A15. No, we are not interested in that level of detail. Name, credentials and CV of the Team leader if there is a team of different people whom they plan to employ for a particular investigation will be enough. We don’t need personal details of all the people involved in investigating the story at different stages, if the whole investigation is led by the same person all along. And this is should be the same person who applied for the grant, has a certain recognition in the field and proper references, as well as a clear vision, budget and timeline for the project, and is reliable in terms of delivering results.
A16. We will do our best to put all necessary safety precautions in place and ensure the information you share with us is secure.
A17. Absolutely, if your proposals meets our criteria, and falls into a category of violent crimes against journalists, you can apply for a grant under the third category.
A18. Ideally, of course, we want all the crimes against journalists fully investigated and the criminals brought to justice. However, we are realistic about the capacities of even the best media professionals, and more often than not you would be able to investigate until a certain point at which you will tell us that that’s it, this is as far as you were able to progress. So, if you discover something that you consider is too dangerous to go public with, you analyse the possible consequences and decide that a publication might put witnesses in danger, for example, if will be completely sensible to present all the evidence you have collected to proper investigators or, if not possible, to International Criminal Court, or similar.
A19. If the journalists see this is one of the likely outcomes of their investigating their story, they should include this in the proposal.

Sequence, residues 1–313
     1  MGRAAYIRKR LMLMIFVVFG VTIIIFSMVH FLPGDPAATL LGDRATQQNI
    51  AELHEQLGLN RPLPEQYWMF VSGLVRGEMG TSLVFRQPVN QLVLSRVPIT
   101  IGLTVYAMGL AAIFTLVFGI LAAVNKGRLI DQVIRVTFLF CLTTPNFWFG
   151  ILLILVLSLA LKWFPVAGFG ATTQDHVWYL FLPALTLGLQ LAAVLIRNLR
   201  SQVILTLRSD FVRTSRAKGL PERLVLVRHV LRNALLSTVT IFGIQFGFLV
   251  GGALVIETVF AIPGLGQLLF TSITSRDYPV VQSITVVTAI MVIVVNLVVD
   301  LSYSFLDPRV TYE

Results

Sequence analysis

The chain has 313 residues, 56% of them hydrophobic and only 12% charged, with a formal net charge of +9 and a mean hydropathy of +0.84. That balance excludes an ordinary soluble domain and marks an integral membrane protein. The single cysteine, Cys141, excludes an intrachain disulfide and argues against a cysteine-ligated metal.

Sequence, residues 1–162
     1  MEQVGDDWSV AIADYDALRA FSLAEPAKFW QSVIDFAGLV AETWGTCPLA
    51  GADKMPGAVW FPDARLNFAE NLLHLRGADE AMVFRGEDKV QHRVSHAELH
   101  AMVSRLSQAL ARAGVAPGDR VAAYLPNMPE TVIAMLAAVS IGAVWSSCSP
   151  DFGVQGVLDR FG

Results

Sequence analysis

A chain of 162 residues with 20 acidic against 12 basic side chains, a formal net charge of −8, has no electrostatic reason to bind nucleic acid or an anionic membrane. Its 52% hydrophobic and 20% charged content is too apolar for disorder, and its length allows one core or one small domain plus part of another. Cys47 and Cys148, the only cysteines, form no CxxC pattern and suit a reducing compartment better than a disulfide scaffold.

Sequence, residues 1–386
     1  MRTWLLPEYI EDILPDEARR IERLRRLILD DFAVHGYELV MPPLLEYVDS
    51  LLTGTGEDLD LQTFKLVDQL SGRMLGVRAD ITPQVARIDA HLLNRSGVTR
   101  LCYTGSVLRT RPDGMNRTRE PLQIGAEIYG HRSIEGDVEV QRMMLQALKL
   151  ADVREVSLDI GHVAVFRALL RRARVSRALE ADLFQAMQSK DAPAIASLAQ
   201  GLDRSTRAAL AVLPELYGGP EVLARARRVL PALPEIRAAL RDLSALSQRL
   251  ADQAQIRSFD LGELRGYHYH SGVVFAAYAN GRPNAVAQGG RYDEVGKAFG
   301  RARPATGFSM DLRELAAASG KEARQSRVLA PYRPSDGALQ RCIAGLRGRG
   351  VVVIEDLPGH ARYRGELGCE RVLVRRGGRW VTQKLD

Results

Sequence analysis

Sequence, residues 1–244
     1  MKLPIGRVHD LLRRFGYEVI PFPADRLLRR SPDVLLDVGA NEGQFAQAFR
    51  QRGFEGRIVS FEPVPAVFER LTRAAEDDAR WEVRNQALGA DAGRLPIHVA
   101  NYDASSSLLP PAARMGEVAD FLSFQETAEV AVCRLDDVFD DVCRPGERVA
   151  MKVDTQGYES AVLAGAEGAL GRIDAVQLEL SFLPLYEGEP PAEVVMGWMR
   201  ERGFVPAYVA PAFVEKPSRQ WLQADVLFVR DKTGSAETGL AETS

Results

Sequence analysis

A20. In this particular case we may be looking at covering the court case, the evidence that has not been made public before and the process of bringing the criminals to justice.
A21. We are open to receive the applications till the end of this month. If there are cases where people will require additional time to put together their proposal, we can extend the submission deadline. But as we still have a couple of weeks, I believe people have enough time to submit solid proposals by the deadline of February, 28. Then our AB will have a month to study the proposals and select the likely winners. Then we will liaise with the individual applicants and inform them whether they were successful or not. Then we will discuss the details of their proposals and budgets with the winners, negotiate and sign the Grant Agreements with them. That will likely take another month. So, the funds are likely to be made available in May, subject to signed Grant Agreements.
A22. We are not a Russian organisation, we an international foundation based in the UK. We have friends and connections in Russia, and will be happy to put you in touch with different people we know, but this is not a formal support network.
A23. No, please don’t, as it may put you in unnecessary danger. It is not about our publicity, but about the cause.
A24. A lot of investigations stopped because there was lack of funding and lack of interest. The story happened, a journalist got killed, that got some media coverage, but if the investigation does not uncover who committed the crime, then nothing more is published. Or there is a pressure from the authorities on those who are trying to find out the truth. Our idea is to break this vicious cycle. We aim to continue the pressure, to help investigate and find those responsible, to exercise the pressure on the authorities to demand the official investigation, and if the authorities are not interested, to work with existing international mechanisms that are, although not perfect, are there to help.
A25. We are funding investigations of crimes against journalists, and this is the key difference between our Foundation and people like Forbidden Stories. They make sure that even if the journalist was murdered, the story they were working on gets investigated regardless. We are in the different niche – our primary goal is to investigate the crime against journalists, for example, find out who killed them, rather than what killed them. Although these are two sides of the same coin, and there is always an overlap, we focus on collecting the facts that will ultimately bring the criminals to justice.
A26. There is an administrator responsible for managing day-to-day operations and projects, and there is an Advisory Board consisting of distinguished people who assess the quality of the proposals. This is about it. The idea was not to create a bureaucracy, but rather to make all resources available for the investigative journalists to work on their stories and ultimately solve those crimes against journalists.